A generalized uncovered interest parity model of exchange rates
Sticky price monetary models of exchange rates, while reasonable theoretically, have been disappointing empirically. Out-of-sample predictions have been little or no better than those from a naive model of no change. The most likely reason is that shocks to the market's expectation of the future equilibrium real exchange rate weaken the stability of the association between exchange rates and the real interest rate differentials. This study identifies three types of shocks that appear to be empirically important. These are productivity growth, which changes the relative price of traded goods at home versus abroad, government budget deficits, and the real price of oil. ; These factors along with real interest rates are shown to explain at least 80 percent of the longer run variation in both the trade-weighted dollar and bilateral rates against the dollar. An error correction model that includes these factors is shown to have out-of-sample prediction errors for changes in the trade-weighted dollar that are 30 to 45 percent lower than those from a naive model of no change, at horizons of four to eight quarters. The prediction errors for bilateral rates against the dollar are almost as low.
Volume (Year): (1993)
Issue (Month): ()
|Contact details of provider:|| Postal: P.O. Box 7702, San Francisco, CA 94120-7702|
Phone: (415) 974-2000
Fax: (415) 974-3333
Web page: http://www.frbsf.org/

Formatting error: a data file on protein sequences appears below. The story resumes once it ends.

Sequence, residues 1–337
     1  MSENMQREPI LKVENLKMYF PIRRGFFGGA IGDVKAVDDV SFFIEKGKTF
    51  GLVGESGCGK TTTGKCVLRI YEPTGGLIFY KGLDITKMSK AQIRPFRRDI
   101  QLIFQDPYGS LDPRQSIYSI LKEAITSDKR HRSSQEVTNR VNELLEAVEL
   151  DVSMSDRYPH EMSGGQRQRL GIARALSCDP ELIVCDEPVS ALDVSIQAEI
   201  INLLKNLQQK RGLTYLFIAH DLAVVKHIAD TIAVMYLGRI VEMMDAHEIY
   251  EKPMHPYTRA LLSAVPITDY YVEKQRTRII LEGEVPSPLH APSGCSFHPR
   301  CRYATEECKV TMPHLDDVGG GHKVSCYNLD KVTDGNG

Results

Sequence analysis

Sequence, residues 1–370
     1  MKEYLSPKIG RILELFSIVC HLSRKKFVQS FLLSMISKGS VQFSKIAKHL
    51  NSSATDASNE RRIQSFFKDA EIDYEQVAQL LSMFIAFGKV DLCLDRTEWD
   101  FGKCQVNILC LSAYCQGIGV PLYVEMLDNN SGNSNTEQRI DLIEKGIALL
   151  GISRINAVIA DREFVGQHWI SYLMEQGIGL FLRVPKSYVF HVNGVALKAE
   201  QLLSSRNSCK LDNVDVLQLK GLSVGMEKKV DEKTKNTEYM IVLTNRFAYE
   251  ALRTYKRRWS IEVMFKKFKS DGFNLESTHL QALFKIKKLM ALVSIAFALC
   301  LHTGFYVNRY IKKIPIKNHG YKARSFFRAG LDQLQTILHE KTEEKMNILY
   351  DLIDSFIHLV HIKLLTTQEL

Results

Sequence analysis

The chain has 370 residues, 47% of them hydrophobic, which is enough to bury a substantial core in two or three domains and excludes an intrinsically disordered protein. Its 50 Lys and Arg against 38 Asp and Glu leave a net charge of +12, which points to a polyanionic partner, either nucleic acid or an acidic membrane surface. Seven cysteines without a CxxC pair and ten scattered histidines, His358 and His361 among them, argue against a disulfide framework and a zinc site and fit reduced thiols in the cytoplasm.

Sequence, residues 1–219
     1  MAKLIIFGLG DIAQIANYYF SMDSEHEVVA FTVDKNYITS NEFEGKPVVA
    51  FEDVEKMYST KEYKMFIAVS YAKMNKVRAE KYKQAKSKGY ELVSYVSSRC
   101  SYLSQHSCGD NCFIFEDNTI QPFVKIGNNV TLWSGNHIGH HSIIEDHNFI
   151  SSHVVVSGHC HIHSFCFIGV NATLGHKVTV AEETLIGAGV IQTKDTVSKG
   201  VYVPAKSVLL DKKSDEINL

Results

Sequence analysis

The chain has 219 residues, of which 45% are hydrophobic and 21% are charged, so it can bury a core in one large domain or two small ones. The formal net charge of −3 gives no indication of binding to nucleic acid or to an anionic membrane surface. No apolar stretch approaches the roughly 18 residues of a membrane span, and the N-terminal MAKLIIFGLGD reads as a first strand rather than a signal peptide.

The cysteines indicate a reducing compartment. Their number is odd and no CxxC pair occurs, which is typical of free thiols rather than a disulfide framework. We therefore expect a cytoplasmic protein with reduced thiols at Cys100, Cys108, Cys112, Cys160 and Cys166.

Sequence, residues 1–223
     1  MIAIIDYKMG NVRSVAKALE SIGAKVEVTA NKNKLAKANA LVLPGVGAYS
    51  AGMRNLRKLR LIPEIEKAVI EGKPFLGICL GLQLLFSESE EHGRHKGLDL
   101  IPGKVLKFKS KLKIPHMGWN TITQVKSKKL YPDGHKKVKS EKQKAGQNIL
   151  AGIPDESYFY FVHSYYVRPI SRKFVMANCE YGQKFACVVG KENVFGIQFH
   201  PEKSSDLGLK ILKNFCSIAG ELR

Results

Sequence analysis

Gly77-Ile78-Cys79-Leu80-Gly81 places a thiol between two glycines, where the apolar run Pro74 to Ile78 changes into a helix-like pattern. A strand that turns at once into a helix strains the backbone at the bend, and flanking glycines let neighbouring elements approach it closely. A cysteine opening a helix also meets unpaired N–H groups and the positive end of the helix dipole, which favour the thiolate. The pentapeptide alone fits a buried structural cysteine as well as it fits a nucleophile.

More information through EDIRC
|Order Information:|| Email: |
When requesting a correction, please mention this item's handle: RePEc:fip:fedfer:y:1993:p:3-16:n:2. See general information about how to correct material in RePEc.
For technical questions regarding this item, or to correct its authors, title, abstract, bibliographic or download information, contact: (Noah Poallaczek)
If you have authored this item and are not yet registered with RePEc, we encourage you to do it here. This allows to link your profile to this item. It also allows you to accept potential citations to this item that we are uncertain about.
If references are entirely missing, you can add them using this form.
If the full references list an item that is present in RePEc, but the system did not link to it, you can help with this form.
If you know of missing items citing this one, you can help us creating those links by adding the relevant references in the same way as above, for each refering item. If you are a registered author of this item, you may also want to check the "citations" tab in your profile, as there may be some citations waiting for confirmation.
Please note that corrections may take a couple of weeks to filter through the various RePEc services.